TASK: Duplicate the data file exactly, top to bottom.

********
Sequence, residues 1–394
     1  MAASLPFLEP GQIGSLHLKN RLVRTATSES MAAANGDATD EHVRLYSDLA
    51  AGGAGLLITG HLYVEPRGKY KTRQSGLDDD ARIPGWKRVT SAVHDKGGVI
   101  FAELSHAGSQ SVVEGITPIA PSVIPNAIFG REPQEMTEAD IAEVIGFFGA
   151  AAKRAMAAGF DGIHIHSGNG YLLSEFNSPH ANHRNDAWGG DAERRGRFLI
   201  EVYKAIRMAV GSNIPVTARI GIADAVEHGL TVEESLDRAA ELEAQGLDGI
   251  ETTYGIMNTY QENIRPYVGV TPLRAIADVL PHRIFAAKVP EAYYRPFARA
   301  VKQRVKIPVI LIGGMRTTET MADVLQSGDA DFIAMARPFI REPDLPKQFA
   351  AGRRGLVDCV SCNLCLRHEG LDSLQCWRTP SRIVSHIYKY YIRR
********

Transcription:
Sequence, residues 1–394
     1  MAASLPFLEP GQIGSLHLKN RLVRTATSES MAAANGDATD EHVRLYSDLA
    51  AGGAGLLITG HLYVEPRGKY KTRQSGLDDD ARIPGWKRVT SAVHDKGGVI
   101  FAELSHAGSQ SVVEGITPIA PSVIPNAIFG REPQEMTEAD IAEVIGFFGA
   151  AAKRAMAAGF DGIHIHSGNG YLLSEFNSPH ANHRNDAWGG DAERRGRFLI
   201  EVYKAIRMAV GSNIPVTARI GIADAVEHGL TVEESLDRAA ELEAQGLDGI
   251  ETTYGIMNTY QENIRPYVGV TPLRAIADVL PHRIFAAKVP EAYYRPFARA
   301  VKQRVKIPVI LIGGMRTTET MADVLQSGDA DFIAMARPFI REPDLPKQFA
   351  AGRRGLVDCV SCNLCLRHEG LDSLQCWRTP SRIVSHIYKY YIRR